Which pretenses? Most Indians personally suffer from inferiority complex and lack of self confidence that significantly limits their personal and societal success. Let me quote Vivekananda:
    http://swamivivekananda-thegreathindumonk.blogspot.com/2012/01/swami-vivekanandas-thoughts-on-self.html
    —“Faith, faith, faith in ourselves, faith, faith in God – this is the secret of greatness. If you have faith in all the three hundred and thirty million of your mythological gods, and still have no faith in yourselves, there is no salvation for you.”
    —“The remedy for weakness is not brooding over weakness, but thinking of strength. Teach men of strength that is already within them.”
    —“You must not say that you are weak. How do you know what possibilities lie behind that degradation on the surface? You know but little of that which is within you. For behind you is the ocean of infinite power and blessedness.”
    —“We can overcome the difficulty by constant practice. We must learn that nothing happen to us, unless we make ourselves susceptible to it.”
    —“It is the coward and the fool who says, “This is fate” – so says the Sanskrit proverb. But it is the strong may who stands up and says, “I will make my fate”. It is people who are getting old who talk of fate. Young men generally do not come to astrology.”
    —“Ekalavya, an ideal for modern students, learnt archery without any external help. By self-effort and faith in one’s power, longing for knowledge and by self-reliance, one can do miracles.”
    —“You have in you a thousand times more than is in all the books. Never lose faith in yourself, you can do anything in this universe. Never weaken, all power is yours.”
    —“Never think there is anything impossible for the soul. It is the greatest heresy to think so. If there is sin, this is the only sin? To say that you are weak, or others are weak.”
    —“You have to grow from the inside out. None can teach you, none can make you spiritual. There is no other teacher but your own soul.”
    —“You cannot believe in God until you believe in yourself.”

    Other quotes:
    —“Stand up, be bold, be strong. Take the whole responsibility on your own shoulders, and know that you are the creator of your own destiny. All the strength and succor you want is within yourself. Therefore make your own future.”
    —“We are what our thoughts have made us; so take care about what you think. Words are secondary. Thoughts live; they travel far.”
    —“All power is within you, you can do anything and everything.”
    ++++++++++++++++++++++++++++++++++++++++++++++++++++++++++++++++++
    This is the Arya or Bharatiya way. Self confidence or Atma Vishwasana. It doesn’t solve everything, but it solves a lot.

    Personal and societal success derives from four things:
    —physical health (self confidence helps improve physical health)
    —mental health or Chitta Shuddhi (self confidence is part of Chitta Shuddhi)
    —Intelligence or Buddhi (correlated to physical health and mental health . . . which in turn are correlated with self confidence)
    —a distant fourth is good company, because of the affect of company on the first three

    I don’t have the exact Vivekananda quote, but he said something to the effect that it is better to have self confidence and a little pride. The pride can be handled later on. For Indians to achieve anything, self confidence is needed.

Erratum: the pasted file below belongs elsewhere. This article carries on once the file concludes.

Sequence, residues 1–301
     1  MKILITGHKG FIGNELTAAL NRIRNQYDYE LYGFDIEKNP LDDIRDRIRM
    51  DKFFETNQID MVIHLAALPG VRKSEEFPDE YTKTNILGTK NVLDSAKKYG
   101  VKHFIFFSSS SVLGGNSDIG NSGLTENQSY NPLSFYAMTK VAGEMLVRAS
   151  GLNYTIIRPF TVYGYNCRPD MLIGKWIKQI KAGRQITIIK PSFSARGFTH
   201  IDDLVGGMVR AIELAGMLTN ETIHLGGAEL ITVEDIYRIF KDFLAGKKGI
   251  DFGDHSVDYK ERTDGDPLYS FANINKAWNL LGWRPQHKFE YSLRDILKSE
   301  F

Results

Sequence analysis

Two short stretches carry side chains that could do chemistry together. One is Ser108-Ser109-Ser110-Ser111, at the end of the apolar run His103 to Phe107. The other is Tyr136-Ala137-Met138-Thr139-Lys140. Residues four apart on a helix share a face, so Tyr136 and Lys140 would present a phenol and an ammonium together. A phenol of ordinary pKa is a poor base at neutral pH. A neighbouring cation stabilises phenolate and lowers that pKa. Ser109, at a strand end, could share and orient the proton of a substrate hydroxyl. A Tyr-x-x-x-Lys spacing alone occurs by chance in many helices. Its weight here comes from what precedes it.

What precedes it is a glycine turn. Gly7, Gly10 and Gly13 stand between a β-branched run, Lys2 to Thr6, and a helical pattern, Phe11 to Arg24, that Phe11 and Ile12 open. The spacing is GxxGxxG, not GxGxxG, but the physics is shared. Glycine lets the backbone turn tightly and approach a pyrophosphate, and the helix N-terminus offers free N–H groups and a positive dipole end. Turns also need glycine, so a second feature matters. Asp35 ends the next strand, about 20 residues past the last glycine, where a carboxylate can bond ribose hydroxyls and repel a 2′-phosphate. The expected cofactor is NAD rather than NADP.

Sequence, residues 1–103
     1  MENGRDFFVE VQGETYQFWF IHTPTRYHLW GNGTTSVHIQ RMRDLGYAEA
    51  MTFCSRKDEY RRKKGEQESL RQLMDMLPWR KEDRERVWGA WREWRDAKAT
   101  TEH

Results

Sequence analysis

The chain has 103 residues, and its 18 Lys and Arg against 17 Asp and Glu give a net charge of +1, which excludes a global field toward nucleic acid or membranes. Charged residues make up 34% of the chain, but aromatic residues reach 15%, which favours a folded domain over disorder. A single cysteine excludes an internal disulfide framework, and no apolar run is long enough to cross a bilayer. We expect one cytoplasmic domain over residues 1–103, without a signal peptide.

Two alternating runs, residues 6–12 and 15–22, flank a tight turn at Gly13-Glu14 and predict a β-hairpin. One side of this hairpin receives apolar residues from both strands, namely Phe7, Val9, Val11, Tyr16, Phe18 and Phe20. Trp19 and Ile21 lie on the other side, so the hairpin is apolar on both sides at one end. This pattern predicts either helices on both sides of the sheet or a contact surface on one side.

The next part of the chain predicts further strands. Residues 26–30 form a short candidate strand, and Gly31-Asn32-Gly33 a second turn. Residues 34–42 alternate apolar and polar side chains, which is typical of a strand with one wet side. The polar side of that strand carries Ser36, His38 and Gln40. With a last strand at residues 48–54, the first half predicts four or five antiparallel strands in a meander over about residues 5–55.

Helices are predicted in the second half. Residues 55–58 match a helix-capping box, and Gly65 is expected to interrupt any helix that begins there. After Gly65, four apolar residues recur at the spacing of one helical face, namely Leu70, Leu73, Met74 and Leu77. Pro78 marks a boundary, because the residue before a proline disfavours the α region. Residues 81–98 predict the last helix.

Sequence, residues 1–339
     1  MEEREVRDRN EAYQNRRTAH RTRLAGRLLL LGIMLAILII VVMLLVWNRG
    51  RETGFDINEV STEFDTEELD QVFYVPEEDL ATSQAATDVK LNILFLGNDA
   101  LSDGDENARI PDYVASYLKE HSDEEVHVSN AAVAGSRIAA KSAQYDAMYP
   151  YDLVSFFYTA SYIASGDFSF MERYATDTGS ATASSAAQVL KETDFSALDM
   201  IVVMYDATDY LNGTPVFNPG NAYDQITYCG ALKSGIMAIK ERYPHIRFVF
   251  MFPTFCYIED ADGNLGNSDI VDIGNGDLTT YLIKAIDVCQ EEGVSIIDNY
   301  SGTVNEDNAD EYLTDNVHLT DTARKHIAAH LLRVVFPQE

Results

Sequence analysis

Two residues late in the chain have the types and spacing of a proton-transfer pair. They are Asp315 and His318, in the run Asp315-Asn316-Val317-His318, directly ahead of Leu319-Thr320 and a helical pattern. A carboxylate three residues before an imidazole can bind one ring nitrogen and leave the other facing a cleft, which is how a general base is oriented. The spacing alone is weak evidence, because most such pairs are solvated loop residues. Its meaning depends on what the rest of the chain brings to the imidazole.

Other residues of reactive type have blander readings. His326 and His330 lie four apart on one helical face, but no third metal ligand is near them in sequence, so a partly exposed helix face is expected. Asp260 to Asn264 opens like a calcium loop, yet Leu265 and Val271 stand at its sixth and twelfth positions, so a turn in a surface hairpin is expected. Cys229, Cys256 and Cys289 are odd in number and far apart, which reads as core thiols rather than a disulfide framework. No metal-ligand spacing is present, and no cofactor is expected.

Part of the heart of eastern philosophy (Zorastrianism, Taoism, Bon, Sanathana Dharma) is:
    —we are potentially powerful
    —we are potentially wise
    —we are divine
    —we can have free art, free thought (manas), free intuition (Buddhi), free subtle feelings (Ananda Maya Kosha)
    —we can achieve true freedom

    Anyone is free to disagree if they choose. A young Karl Marx studied India (wrote 50 papers about India) and strongly disagreed with the above. And so Marxism was born. The English imposed this marxist substrate on the minds of Indians and their other colonial subjects. Other Europeans copied and imposed this on global academia. This is a major reason why per capita GDP in Asia, Africa and Latin America fell to such a small percentage of West European per capita GDP through the 1960s.

    The world is trying to undue this terrible mental abuse the Europeans inflicted on the world.

    ++++++++++++++++++++++++++++++++++++++++++++++++++++++++++++++++++++

    “This sounds like an awful prospect, that India’s legacy will be to bring prestige to a model that commodifies human life like no other.”

    Can you elaborate? What commodifies human life?

    1. Anan, not of you personally, but some urban Indians view the rise of Indian nominal GDP without any nuance as though tracking the valuation of an enterprise. This view is able to register success in a way that I find vulgar, where quantity is valued over quality, and the logical end of this view is that a large and increasing population is considered favourably in that value can be extracted from it, as producers and customers. Such people feign confidence that dignity that today cannot be afforded to most of our population will somehow materialize for many multiples of it.
      I have no problems with wealth accumulation and the luxury economy, but this ruthless greed is over the top and not essential to creating prosperity. I would hope India learns the love of work and craft from some of our eastern spiritual cousins, and build a culture of honest labor.

        1. It is pretty obscene, isn’t it? I wonder what can be done to fix this frankly obscene wealth inequality.

          I propose rounding up the top 0.01% and shooting them dead.

          1. Now you are being obnoxious(do not take this personally, i am talking only about your previous sentence), I am not a marxist. I am a middle class guy who wants more capitalism. This kind of obscene inequality can torpedo capitalism itself, especially in countries like India. So I do have a skin in the game in criticizing this. Unlike you who already live in a country where capitalism is already considered as a successful idea. In India, that isnt so even now.

      1. Girmit, India’s population growth is slow (probably 1.0% in 2019). Minus muslims and immigration India’s population growth rate is close to zero. [Many fear it might even fall.]